What have you been reading, watching, or listening to lately? What new or emerging writer do you want the world to know about? Who would you love to collaborate with?
I highly recommend Carla Simon’s Summer 1993 for a film that beautifully honors the complexity and dignity of children, and Boots Riley’s Sorry to Bother You for his synoptic materialism and refreshing agitation, towards the dignity of class revolt. On reading, for the past few months I’ve been sitting with Asad Haider’s Mistaken Identity, Simulacra by Airea D. Matthews, Lo Terciario/The Tertiary by Raquel Salas Rivera, play dead by francine j. harris, The Blue Clerk by Dionne Brand, and pretty much anything Harmony Holiday puts into the world. Her Twitter account alone is one of the most exciting and valuable living archives I’ve had access to. Do yourself a favor and read this incredible piece of hers on Baldwin. While visiting London over the summer, I met Kareem Samara, who is a Palestinian musician and experimental oud player, I really love his work, you can listen to some of his tracks here. An emerging writer to support: Aslan Tudor, a young indigenous child first time author who is now 10 years old, and his mother have produced a children’s book on their experiences at Standing Rock, called Young Water Protectors: A Story about Standing Rock.It was recently released and I’m very much looking forward to reading it and sharing with my loved ones. As far as collaboration goes, I had a Pisces daydream about interviewing Marwa Helal about her groundbreaking new book Invasive Species that comes out from Nighboat Books in January 2019, where we only answer interview questions by exchanging images and links to songs. I don’t know how or when that is going to happen but I feel like it will, @Marwa.
Is there any way to survive in this world without assimilating into systems of power? How do we acknowledge our active and passive participation in totalizing systems that we are at odds with?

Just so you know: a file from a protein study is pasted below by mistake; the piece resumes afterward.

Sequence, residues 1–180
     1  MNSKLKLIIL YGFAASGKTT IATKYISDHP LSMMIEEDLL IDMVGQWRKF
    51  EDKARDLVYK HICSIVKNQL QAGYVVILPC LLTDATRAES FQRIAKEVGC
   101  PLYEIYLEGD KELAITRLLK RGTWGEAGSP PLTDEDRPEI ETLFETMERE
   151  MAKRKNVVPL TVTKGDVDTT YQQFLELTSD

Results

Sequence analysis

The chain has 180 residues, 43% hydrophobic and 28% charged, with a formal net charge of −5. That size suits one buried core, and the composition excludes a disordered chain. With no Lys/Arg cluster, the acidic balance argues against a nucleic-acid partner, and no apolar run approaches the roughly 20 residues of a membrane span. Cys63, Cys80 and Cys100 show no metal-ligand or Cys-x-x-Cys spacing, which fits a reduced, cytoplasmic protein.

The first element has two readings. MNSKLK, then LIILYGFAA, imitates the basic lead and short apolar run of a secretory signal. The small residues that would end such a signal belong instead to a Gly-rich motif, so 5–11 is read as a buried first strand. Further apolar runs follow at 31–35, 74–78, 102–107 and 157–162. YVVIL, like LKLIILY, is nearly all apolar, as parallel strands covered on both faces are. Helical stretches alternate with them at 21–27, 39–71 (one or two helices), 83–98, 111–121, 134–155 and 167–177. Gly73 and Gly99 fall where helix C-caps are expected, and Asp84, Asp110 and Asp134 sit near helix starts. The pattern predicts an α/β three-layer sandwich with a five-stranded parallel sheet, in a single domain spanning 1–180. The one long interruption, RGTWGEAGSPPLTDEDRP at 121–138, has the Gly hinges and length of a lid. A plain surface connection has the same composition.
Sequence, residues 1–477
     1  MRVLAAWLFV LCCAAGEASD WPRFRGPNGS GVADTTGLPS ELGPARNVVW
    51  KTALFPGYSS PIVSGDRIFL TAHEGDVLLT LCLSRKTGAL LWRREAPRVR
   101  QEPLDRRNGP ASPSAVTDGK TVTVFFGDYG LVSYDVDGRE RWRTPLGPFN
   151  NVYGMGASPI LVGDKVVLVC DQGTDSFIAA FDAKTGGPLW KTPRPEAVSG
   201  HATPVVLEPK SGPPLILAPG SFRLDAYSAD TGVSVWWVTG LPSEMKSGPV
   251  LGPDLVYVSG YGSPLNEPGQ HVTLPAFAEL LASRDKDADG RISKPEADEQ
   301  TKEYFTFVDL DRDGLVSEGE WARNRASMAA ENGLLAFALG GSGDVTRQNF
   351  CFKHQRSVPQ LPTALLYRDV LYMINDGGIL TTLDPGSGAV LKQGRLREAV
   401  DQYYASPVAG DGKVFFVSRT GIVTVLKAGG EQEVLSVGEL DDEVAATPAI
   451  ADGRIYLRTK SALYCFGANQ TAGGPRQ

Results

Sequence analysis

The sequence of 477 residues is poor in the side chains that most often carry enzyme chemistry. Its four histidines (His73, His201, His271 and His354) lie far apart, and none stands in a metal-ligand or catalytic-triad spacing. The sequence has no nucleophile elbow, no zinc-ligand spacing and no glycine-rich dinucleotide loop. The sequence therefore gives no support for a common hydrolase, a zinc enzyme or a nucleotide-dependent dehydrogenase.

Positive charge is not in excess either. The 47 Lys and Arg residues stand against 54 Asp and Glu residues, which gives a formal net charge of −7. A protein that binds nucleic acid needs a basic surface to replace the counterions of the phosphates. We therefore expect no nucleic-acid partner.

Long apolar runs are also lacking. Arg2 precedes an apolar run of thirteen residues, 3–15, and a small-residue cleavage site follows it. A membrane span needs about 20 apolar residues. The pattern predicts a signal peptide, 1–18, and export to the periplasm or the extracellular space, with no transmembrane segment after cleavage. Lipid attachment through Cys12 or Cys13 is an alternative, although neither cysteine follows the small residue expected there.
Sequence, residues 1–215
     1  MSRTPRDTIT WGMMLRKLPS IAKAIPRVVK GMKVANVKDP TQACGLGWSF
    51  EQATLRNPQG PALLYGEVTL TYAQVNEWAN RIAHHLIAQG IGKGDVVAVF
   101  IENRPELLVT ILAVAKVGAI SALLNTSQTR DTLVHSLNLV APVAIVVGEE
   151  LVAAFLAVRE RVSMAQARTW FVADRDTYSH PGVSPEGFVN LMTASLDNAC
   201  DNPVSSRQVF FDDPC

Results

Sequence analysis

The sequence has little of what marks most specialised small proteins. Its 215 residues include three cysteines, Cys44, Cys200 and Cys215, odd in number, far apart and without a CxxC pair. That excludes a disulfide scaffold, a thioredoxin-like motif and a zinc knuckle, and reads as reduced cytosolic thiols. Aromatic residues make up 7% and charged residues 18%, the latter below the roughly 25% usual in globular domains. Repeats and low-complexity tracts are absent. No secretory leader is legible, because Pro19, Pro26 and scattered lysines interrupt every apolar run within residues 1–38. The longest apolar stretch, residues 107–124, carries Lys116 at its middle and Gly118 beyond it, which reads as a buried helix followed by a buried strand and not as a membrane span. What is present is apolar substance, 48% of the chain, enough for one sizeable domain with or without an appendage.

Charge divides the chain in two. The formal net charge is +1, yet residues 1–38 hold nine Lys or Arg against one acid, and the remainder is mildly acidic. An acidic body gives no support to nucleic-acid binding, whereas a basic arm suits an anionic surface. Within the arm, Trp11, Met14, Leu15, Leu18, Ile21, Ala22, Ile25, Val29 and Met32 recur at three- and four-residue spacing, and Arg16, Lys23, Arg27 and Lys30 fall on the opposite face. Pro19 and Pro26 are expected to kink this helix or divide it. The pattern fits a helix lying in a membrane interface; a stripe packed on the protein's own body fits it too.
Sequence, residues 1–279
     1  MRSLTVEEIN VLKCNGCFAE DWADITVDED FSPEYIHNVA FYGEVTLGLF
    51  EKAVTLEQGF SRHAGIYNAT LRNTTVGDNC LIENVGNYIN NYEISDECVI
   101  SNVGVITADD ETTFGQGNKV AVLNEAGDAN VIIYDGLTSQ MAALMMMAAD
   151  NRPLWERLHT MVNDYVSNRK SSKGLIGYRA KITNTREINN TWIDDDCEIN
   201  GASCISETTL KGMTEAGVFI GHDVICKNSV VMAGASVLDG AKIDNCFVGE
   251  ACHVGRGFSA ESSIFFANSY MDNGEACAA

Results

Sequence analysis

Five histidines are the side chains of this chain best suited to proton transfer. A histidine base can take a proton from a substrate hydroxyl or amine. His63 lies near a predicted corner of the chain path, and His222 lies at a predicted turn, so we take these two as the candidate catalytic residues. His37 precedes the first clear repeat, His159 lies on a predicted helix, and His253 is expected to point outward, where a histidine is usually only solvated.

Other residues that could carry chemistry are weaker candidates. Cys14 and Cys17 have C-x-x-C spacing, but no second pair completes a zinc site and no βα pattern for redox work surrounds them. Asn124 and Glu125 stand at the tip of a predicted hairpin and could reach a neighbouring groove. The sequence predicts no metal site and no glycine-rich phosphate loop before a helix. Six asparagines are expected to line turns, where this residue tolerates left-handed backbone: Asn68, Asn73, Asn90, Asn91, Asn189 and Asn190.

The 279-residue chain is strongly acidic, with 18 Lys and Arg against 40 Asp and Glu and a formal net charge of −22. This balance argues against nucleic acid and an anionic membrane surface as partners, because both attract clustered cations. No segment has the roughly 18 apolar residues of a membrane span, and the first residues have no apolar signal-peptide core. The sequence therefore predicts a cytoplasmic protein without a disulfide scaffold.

I think this is a question we will have to answer over and over again internally and externally for the duration of our lives, so I cannot offer a definitive response, but I can say that those I most admire within history have attempted courageously, ruthlessly, to facilitate an expansion of our language capacity, to gesture towards another possibility of life outside of racial capitalism. I am not so interested with acknowledgment that is rooted in shame or non-acknowledgment that refuses to confront how the empire embeds itself within all of us, I think the story is always much messier than that, but a poetics that attempts an ethnography of self and collective intermingling, I do believe has the power to forge another kind of relation beyond mere extraction. I also think that poetry that only lives on the page is incomplete. Last year I had the chance to interview Mark Nowak about the Worker Writers School and the history of the Union of Radical Workers and Writers that he actively helped form about how poets can move beyond detached exaltation to actually “shut shit down,” he responded:
“I’m not sure I’d separate poets or writers from everyone else. If we really want to “actually shut shit down,” that’s a massive project. We need poets and writers, sure, but we need workers and students and everyone. Every time I’m reading Ngugi’s work, I underline when he talks about the unity “with workers and peasants,” and I have a lot of underlines in so many of his books, books like Detained: A Writer’s Prison Diary and Barrel of a Pen: Resistance to Repression in Neo-Colonial Kenya. I’m actually not so much a fan of “political poetry” as I am of political movements, of building them.”
The current structures of power rely on (and hope that) workers/poets will construct identity as a set of competitive and marketable check boxes. A poetics of solidarity says I am hurt, I have caused others hurt, but I cannot imagine a future tense without you, and all this hurt is also always bathed in sunlight and moonlight, and the dead within us have stories to tell that we are accountable to.
Can you share work from other media that either inspired or is in conversation with your piece in Bettering American?
When, if ever, do you personally feel the most free? What is the relationship between that feeling and a more political freedom, either personally or collectively/ socially?
In the company of the women I love sharing excerpts of music and text. The essential relationship to forge and demand is collaboration: collaboration with the dead and the grieving, an assembly of tactic song to inspire the withdrawal of labor necessary to disrupt (and eventually destroy) forces that attempt to deny us webs of quiet (intimacy) with those who “incomplete” us.
ZAINA ALSOUS is the author of the chapbook Lemon Effigies (Anhinga Press) and serves as an editor for Scalawag Magazine.
This interview series is conducted with authors from the anthology, Bettering American Poetry Volume 3. As Bettering’s editors wrote in their call for nominations, “Our efforts will intentionally shift favor so that the literary landscape within this anthology reflects a ranging plurality of voices in American poetry and illuminates the possibilities of sharing space … This anthology represents just one concerted effort to better American poetry, but it is one that we hope will resonate.”
Bettering has sought to delve deeper with the poets selected for this anthologies. These questions are composed collectively by the editors, with the belief that the literary community needs a polyphony not only of poems but of poets’ voices.